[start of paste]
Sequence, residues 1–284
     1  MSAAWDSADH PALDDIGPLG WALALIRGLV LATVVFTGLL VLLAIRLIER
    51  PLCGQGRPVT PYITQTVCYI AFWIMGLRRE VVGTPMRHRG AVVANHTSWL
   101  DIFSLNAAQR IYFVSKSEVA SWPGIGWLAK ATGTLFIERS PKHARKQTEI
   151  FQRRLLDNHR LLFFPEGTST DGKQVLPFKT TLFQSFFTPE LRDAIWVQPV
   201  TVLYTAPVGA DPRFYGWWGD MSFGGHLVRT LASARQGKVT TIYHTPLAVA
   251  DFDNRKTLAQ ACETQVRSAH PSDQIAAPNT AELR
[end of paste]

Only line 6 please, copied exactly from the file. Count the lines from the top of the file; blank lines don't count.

   201  TVLYTAPVGA DPRFYGWWGD MSFGGHLVRT LASARQGKVT TIYHTPLAVA